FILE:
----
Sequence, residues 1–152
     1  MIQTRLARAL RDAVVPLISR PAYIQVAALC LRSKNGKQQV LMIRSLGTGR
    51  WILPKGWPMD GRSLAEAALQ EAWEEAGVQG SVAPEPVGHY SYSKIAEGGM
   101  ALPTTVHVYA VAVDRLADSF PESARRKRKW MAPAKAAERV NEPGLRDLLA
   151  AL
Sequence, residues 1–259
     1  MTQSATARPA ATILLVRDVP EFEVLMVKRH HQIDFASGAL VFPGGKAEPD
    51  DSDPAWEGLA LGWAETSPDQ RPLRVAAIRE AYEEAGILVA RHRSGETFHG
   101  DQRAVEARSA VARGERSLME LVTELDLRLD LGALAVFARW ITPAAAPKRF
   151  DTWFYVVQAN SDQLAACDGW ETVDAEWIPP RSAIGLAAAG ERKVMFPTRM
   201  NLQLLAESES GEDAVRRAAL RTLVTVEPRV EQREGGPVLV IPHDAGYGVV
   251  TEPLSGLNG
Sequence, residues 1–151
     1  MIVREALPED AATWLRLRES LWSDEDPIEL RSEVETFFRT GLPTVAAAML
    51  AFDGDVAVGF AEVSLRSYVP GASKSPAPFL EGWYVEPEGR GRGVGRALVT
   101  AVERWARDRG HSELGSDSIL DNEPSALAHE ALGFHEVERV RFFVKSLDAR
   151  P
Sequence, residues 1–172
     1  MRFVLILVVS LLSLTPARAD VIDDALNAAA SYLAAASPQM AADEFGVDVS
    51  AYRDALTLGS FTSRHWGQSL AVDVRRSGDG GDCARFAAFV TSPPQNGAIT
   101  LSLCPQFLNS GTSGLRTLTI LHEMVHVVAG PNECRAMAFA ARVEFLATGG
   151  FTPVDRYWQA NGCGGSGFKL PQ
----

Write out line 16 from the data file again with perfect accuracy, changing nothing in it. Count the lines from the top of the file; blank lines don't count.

   101  AVERWARDRG HSELGSDSIL DNEPSALAHE ALGFHEVERV RFFVKSLDAR